AntichristOnly the most loyal Lars von Trier fans should seek out 'Antichrist,' a disturbingly violent film featuring extreme scenes of graphic sex and self-mutilation of the most private of parts. The film was the scandal of this year's Cannes Film Festival, where it prompted boos, walkouts and angry complaints -- as well as some raves. It's been called "torture porn" and its most infamous scenes rival the levels of sadism in any 'Saw' flick. Willem Dafoe and Charlotte Gainsbourg have been praised for their intense, literally naked performances -- but even the film's supporters agree it's hard to watch. Is this a brave exercise in pushing the boundaries of film or a pretentious descent into shock cinema? Either way, the film's audience remains an extremely limited one, which is just what Von Trier intends. Check out reviews after the jump. AntichristOnly the most loyal Lars von Trier fans should seek out 'Antichrist,' a disturbingly violent film featuring extreme scenes of graphic sex and self-mutilation of the most private of parts. The film was the scandal of this year's Cannes Film Festival, where it prompted boos, walkouts and angry complaints -- as well as some raves. It's been called "torture porn" and its most infamous scenes rival the levels of sadism in any 'Saw' flick. Willem Dafoe and Charlotte Gainsbourg have been praised for their intense, literally naked performances -- but even the film's supporters agree it's hard to watch. Is this a brave exercise in pushing the boundaries of film or a pretentious descent into shock cinema? Either way, the film's audience remains an extremely limited one, which is just what Von Trier intends. Check out reviews below.

The New York Post: "Lars von Trier might not be, as he famously boasted in Cannes, 'the best director in the world.' But, as witnessed by his 'Antichrist,' he certainly is one of them. [The film] scandalized Cannes, which isn't easily scandalized, with its explicit sexual violence. Very few actors would have the courage to allow von Trier to put them through what Dafoe and Gainsbourg experienced in the name of art ... but as somebody (the Marquis de Sade, perhaps) once said: No pain, no gain."

Roger Ebert: "I know what's in it for von Trier. What was in it for me? More than anything else, I responded to the performances. Both Dafoe and Gainsbourg have been risk takers, as anyone working with von Trier must be. The ways they're called upon to act in this film are extraordinary."

Entertainment Weekly: "Lars von Trier, once a gravely exciting artist ('Breaking the Waves'), has reduced himself to the status of a quixotically perverse publicity freak. 'Antichrist,' his latest fake outrage, is an art-house couples-therapy torture-porn horror film ... The impotent folly of 'Antichrist' is that von Trier has made it his mission to shock the bourgeoisie in an era when they can no longer be shocked."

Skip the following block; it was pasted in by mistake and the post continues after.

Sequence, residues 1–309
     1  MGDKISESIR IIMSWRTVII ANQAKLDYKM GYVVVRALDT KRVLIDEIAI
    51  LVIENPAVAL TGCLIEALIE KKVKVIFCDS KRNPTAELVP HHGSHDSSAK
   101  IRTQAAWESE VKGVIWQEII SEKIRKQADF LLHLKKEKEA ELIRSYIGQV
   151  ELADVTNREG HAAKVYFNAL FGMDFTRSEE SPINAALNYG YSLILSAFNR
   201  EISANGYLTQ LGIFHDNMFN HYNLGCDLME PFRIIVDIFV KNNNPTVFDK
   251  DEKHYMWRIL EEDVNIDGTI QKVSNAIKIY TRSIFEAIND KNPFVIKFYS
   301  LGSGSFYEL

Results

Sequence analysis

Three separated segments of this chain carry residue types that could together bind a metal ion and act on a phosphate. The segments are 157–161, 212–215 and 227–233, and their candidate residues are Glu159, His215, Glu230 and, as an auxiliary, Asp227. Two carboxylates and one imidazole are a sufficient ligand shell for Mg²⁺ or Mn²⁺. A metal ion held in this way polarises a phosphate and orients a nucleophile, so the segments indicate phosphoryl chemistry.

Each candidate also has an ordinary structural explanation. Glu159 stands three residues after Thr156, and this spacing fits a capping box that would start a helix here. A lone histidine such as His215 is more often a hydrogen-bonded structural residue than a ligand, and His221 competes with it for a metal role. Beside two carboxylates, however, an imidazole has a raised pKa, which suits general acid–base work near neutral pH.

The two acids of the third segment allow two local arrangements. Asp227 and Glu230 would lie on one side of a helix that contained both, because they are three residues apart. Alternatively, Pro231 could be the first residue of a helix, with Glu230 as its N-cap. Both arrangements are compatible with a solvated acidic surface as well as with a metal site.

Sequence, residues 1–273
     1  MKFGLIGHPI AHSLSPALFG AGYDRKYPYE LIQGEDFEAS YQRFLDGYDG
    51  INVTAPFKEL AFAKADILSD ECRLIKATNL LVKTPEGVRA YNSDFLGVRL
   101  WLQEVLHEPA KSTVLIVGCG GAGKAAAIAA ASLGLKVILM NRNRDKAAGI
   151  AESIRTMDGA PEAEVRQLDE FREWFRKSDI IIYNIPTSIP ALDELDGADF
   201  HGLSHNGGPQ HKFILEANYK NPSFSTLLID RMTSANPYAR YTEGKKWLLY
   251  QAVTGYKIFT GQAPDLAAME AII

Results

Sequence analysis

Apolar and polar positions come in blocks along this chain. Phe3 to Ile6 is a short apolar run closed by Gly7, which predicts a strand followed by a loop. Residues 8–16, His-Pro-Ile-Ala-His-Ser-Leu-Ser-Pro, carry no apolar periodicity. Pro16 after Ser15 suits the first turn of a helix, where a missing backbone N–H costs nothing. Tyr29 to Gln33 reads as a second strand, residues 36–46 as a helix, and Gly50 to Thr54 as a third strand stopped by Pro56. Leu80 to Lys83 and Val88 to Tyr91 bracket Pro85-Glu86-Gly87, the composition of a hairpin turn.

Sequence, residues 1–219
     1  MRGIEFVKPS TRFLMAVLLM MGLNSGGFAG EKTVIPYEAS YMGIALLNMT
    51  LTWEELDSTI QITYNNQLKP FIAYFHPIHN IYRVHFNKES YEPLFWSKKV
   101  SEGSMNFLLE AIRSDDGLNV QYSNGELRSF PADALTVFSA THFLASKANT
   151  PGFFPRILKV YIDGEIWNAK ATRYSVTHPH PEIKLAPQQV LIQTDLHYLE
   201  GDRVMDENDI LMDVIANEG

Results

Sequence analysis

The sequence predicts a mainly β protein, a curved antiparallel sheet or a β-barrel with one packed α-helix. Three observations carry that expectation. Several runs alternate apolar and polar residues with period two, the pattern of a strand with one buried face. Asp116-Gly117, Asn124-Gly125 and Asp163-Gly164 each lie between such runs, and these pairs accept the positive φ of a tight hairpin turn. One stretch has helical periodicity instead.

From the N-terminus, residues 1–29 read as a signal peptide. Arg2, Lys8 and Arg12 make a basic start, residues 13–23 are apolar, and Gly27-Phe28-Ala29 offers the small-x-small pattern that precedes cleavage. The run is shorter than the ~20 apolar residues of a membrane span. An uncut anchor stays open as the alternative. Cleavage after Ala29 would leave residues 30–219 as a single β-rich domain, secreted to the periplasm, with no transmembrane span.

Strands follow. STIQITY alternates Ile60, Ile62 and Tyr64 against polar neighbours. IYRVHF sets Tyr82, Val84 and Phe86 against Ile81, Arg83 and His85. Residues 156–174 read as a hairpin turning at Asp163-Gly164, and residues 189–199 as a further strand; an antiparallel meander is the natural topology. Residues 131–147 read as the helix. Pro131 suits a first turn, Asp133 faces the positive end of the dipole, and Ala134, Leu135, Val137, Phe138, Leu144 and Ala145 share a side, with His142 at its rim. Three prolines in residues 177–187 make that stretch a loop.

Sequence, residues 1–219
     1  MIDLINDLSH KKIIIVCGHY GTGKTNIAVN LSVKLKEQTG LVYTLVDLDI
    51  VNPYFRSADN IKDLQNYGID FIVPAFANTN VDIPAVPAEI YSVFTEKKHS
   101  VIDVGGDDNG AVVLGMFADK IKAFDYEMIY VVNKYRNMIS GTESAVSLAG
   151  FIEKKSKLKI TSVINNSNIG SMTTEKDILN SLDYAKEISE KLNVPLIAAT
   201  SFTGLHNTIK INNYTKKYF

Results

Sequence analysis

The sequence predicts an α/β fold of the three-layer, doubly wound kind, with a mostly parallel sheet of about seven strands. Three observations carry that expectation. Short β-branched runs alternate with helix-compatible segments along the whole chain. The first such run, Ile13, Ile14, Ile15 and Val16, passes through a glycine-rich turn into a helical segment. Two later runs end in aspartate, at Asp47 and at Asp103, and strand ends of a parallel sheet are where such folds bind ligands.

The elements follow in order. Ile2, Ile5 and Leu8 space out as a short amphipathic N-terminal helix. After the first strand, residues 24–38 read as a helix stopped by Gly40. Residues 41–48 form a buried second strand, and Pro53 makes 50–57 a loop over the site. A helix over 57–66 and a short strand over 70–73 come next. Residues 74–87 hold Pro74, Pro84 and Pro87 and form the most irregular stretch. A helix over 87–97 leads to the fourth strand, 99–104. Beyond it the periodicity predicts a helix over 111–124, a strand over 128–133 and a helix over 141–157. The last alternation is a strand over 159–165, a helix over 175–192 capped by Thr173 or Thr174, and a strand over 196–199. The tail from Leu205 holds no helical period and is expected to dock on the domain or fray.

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USA Today: "'Antichrist' is probably the most disturbing, bleak and self-indulgent film ever made. Ultra-explicit in its gruesome depiction of self-mutilation and torture and excruciating in its slow pacing and pointless visual digressions, the film seems intent on making the audience miserable."

Variety: "Lars von Trier cuts a big fat art-film fart with 'Antichrist.' As if deliberately courting critical abuse, the Danish bad boy densely packs this theological-psychological horror opus with grotesque, self-consciously provocative images that might have impressed even Hieronymus Bosch ... Traveling deep into NC-17 territory, this may prove a great date movie for pain-is-pleasure couples. Otherwise, most of the director's usual fans will find this outing risible, off-putting or both."

The New York Times: "The scandal of 'Antichrist' is not that it is grisly or upsetting but that it is so ponderous, so conceptually thin and so dull. ... [A] talking fox has given the movie a handy catchphrase -- 'Chaos reigns!' -- but a more apt one is delivered by Ms. Gainsbourg among bouts of howling, sobbing and penis smashing: 'None of this is any use at all.'"

The Wall Street Journal: "This isn't a pretend horror flick, with violence you can shrug off or laugh off. The extent of the violence is ... deeply, deeply disturbing. My first -- and then frequent -- instinct was the emotional equivalent of duck-and-cover: ... But both actors have given themselves over to the filmmaker's vision with performances that had me feeling like Malcolm McDowell in 'A Clockwork Orange,' horrified yet unable to look away. ... By turns repellent, powerful and ludicrous, 'Antichrist' piles horror on horror with pitiless passion."
CATEGORIES Reviews, Fall Movies